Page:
Hugh Jackman can do anything. From dancing in the shoes of Fred Astaire to polishing off banquets of high-voltage drama in the style of Robert Altman, he triumphs where others usually fail. Now, in The Front Runner, playing disgraced 1988 Democratic presidential “shoo-in” Gary Hart, he chronicles the downfall of a potentially great political leader, orchestrated by irresponsible journalists and morally indignant voters, because of an extramarital affair. Sound familiar? Brilliantly directed by Jason Reitman, from an intelligent, carefully researched and fast moving screenplay by Reitman, Jay Carson and Matt Bai (based on Bai’s marvelous book All the Truth Is Out: The Week Politics Went Tabloid), this enthralling film is a mirror to the shifting relationship between the media and politics, and the events that changed the last 30 years in American history.
After the two-term presidency of Republican Ronald Reagan, when Democrats were desperate to shift the focus from conservatism to liberalism and regain control of Congress, Colorado senator Gary Hart seemed to be the perfect candidate for leadership. He was smart, charming, handsome, an eloquent public speaker and a righteous powerhouse in the polls. He also symbolized integrity and a commitment to the U. S. Constitution, with experience as a lawyer, former campaign manager, father and husband to a dream of a future First Lady (Vera Farmiga as his wife Lee). How could he lose? The movie concentrates on the last three chaotic weeks of the Hart campaign when the charisma stained and the temple crumbled.
THE FRONT RUNNER ★★★★
Using the old Robert Altman technique of overlapping conversations, multilayered sound effects and crackerjack pacing, Reitman plunges the viewer into the fever of an overheated election with breakneck speed to give us a feeling of public hysteria and smoky backroom bustle. In Hugh Jackman’s towering performance, we get every aspect of Gary Hart’s personality, from his reluctance to share his private life with the press to his sometimes offensive arrogance. You also get a candid rundown of the superficial points that catapult a candidate to the White House, including endless state fair barbecues, warnings about no flirtations with blonde fund raisers and just the right hairspray on a windy day. From the Iowa caucus to the Democratic National Convention, no detail is eliminated.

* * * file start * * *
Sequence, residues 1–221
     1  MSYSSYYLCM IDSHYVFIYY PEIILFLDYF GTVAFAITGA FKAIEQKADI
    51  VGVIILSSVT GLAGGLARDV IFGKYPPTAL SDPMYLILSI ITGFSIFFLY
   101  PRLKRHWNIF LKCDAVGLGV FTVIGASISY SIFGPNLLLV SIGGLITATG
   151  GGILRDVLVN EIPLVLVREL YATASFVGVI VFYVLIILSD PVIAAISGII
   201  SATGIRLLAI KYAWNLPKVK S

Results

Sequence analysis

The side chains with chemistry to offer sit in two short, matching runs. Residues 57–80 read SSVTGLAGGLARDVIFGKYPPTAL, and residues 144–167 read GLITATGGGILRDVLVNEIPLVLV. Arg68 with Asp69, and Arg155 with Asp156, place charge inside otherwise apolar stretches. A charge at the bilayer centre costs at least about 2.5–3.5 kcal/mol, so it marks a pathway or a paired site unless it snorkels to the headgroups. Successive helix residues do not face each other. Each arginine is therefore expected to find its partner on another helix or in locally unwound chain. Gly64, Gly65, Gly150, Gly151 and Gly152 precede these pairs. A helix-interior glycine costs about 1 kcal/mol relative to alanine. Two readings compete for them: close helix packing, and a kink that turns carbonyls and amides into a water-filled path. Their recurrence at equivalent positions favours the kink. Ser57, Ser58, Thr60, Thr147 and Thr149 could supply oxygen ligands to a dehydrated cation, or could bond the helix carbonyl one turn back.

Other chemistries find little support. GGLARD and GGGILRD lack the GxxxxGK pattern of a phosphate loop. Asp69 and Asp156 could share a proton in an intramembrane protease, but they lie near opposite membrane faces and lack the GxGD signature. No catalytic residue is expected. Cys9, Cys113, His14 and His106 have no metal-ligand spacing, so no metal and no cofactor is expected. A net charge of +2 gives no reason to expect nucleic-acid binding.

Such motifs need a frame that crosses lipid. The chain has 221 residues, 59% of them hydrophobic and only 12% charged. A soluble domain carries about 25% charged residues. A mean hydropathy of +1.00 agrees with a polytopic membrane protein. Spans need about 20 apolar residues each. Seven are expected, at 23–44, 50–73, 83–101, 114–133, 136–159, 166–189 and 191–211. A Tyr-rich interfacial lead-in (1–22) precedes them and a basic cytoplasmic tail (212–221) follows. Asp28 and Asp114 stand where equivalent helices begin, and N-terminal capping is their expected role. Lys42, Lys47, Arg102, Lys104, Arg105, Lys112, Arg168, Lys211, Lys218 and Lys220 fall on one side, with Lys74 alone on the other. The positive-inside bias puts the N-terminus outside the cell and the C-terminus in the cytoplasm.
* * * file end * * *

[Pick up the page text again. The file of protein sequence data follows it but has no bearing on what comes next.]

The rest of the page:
Then, suddenly as a slamming door, there was a shift in the weather when a pair of ambitious reporters from the Miami Herald, acting on an anonymous tip that Senator Hart was having an affair and under the pretense of press responsibility to hold presidential candidates responsible for their private lives, decided to make names for themselves by destroying his reputation for ethics and fair play. Under the guise of journalistic integrity, they stalked him, tailed him, hid in the bushes outside his house in Georgetown to photograph the lighted windows in his bedroom, then, without checking their facts, published a scurrilous expose that made national headlines, ruined a marriage and derailed an election.
In the resulting scandal, a man with high ideals who considered himself invincible was brought down by a single mistake. I felt defeat creeping into my bones with every discouraging blow and in the end, I could only think about how so many worthy presidential candidates have been headed off at the pass while so many thugs have sodomized public decency in elected public offices. No names necessary. You know who they are.
This is a responsible, educated, sophisticated and often deeply witty film about politics and journalistic responsibility in the tradition of All the President’s Men, The Post and The Ides of March. It is also another prime example of Hugh Jackman’s inexhaustible versatility that Gary Hart does not come off as a pariah. He’s the remarkable centrifugal force that propels the movie toward the moral high ground, but it is also chock full of memorable contributions from J. K. Simmons as Hart’s campaign manager, Vera Farmiga as his loving but long-suffering wife Lee, Mamoudou Athie as an idealistic young journalist from The Washington Post who gets a sober lesson in the ugly side of journalism, and a touching turn by Sara Paxton as Donna Rice, the girl caught in the middle of the muddle like a deer in the headlights.
You go away from The Front Runner with a lot of knowledge about the stupid way Americans build, support, deify, and then discard their heroes, but best of all, the movie reminds us again of the imperative privilege and responsibility of casting the right votes. If we make sex a more important criterion in the election of the people who govern our lives than the kind of human decency that comes from the heart, then we might get just the kind of rotten government we deserve.